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Saying 'China is watching,' US spy chiefs plead for Ukraine aid

Senate Intelligence Committee hearing on worldwide threats to American security

By Patricia Zengerle and Michael Martina

WASHINGTON (Reuters) - Leaders of U.S. intelligence agencies urgently pressed members of the House of Representatives on Tuesday to approve additional military assistance for Ukraine, saying it would not only boost Kyiv as it fights Russia but discourage Chinese aggression.

"That has consequences for American interests that go ... directly to our interests in the Indo-Pacific," CIA Director William Burns told the House of Representatives' Intelligence committee's annual hearing on Worldwide Threats to U.S. security.

“That kind of an outcome will stoke the ambitions of the Chinese leadership, and they're going to undermine the faith that our partners and allies in the Indo Pacific have in our reliability," Burns said.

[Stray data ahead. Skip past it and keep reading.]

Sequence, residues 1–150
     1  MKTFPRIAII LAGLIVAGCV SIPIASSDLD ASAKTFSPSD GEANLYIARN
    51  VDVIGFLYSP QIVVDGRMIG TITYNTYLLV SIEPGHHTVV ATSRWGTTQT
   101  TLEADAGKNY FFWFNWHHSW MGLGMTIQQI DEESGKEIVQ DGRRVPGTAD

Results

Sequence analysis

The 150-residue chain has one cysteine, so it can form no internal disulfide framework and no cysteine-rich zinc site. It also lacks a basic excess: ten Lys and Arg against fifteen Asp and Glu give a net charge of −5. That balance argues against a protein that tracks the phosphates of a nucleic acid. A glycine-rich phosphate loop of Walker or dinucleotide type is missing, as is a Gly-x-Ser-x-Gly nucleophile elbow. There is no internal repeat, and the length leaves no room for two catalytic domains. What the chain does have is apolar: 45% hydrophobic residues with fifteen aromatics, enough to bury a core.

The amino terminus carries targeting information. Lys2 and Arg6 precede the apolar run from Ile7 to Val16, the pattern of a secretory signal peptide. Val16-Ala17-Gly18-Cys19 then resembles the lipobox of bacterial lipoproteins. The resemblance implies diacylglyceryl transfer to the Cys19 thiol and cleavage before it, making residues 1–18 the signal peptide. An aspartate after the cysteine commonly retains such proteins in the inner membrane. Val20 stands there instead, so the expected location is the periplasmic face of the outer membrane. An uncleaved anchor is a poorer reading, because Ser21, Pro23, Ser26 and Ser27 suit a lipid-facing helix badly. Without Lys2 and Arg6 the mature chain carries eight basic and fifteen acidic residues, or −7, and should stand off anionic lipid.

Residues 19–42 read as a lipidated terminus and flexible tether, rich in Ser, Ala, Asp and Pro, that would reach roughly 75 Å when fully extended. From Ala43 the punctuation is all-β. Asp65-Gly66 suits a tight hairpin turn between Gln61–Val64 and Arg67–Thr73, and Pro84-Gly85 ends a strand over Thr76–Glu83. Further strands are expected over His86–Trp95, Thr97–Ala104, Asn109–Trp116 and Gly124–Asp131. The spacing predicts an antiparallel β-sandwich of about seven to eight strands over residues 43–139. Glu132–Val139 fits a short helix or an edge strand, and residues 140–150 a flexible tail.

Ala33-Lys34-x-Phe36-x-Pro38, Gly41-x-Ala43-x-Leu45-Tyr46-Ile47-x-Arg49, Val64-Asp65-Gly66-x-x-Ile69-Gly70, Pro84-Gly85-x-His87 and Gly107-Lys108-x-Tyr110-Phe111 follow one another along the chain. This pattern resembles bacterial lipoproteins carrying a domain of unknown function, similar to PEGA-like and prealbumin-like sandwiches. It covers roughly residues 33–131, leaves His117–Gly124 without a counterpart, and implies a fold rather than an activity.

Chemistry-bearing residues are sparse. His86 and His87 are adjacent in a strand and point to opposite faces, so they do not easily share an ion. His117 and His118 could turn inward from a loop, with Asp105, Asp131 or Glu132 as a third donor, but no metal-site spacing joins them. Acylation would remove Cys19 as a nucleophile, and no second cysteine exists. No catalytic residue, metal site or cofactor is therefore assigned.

Republican House of Representatives Speaker Mike Johnson, an ally of former President Donald Trump, has so far refused to call a vote on a bill that would provide $60 billion more for Ukraine more than two years after Russian launched a full-scale invasion.

The measure has passed the Democratic-run Senate, and both Republicans and Democrats in the House say it would pass if the chamber's Republican leaders allowed a vote.

Representative Mike Turner, chairman of the House intelligence committee, noted that some members of Congress support aid to Ukraine but "I believe, mistakenly," contend that Kyiv can afford a delay.

Burns agreed, saying, "I can already see the Ukrainian military rationing ammunition, you can already see them becoming more vulnerable to Russian attacks from the air, from drones, from missiles, from aircraft," he told the committee.

(Reporting by Patricia Zengerle and Michael Martina; Editing by Daniel Wallis)